Reality: The truth is that many more people are raped than ever report their rapes to police. It is presumed that only 8 % of rape cases are ever reported. False accusations of rape account for between 6 to 10 % of reported rapes.
Myth: Rape victims essentially desire to be raped.
Reality: During consensual sexual intercourse, some people want their partner to behave like an “aggressor” or enjoy “hard” sex. However, this does not mean those people want to be raped or would like being raped! The element of freedom of choice is lacking when a rape is committed. The violent offender sees the victim as prey, not as a human being, and connects sexual behavior with violence, not with love or mutual pleasure.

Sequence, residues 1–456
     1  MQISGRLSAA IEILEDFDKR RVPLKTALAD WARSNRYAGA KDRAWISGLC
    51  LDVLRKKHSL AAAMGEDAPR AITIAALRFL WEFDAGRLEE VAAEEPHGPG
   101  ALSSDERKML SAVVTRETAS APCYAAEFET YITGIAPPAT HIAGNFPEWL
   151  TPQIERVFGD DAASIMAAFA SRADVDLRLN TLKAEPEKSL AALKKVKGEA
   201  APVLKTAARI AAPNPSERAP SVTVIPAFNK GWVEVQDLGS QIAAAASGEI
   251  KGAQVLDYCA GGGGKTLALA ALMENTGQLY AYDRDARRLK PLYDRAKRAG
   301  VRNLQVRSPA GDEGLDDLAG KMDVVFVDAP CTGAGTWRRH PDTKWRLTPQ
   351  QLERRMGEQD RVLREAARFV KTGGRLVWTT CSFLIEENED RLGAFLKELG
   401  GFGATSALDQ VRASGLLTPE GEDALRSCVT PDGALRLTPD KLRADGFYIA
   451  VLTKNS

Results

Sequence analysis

Myth: “Everyone knows that when a woman says no, she means yes!”
Reality: Rape is a degrading, frightening and violent experience that no one ever wants to have! If one sexual partner does not immediately stop engaging in sexual behavior the moment the other sexual partner says “no”, then any further sexual behavior by that partner constitutes a sexual assault. Agreement with a sex act must be given every time by all persons involved. Sexual intercourse without agreement or consent is rape!
Myth: “The woman was drunk / under the influence of drugs / had a bad reputation / was hitchhiking / was wearing see-through clothing / seduced him / probably got what she wanted.”
Reality: Alcohol or other narcotics are frequently weapons exploited by perpetrators of sexual violence to dominate the victim. If a victim is unconscious, or her judgment is influenced by alcohol or drugs, or she is incapable of giving consent for any other reason, then sexual intercourse with such a person is considered sexual assault.
Myth: The perpetrator was drunk / under the influence of drugs / depressed / under stress / not himself or herself.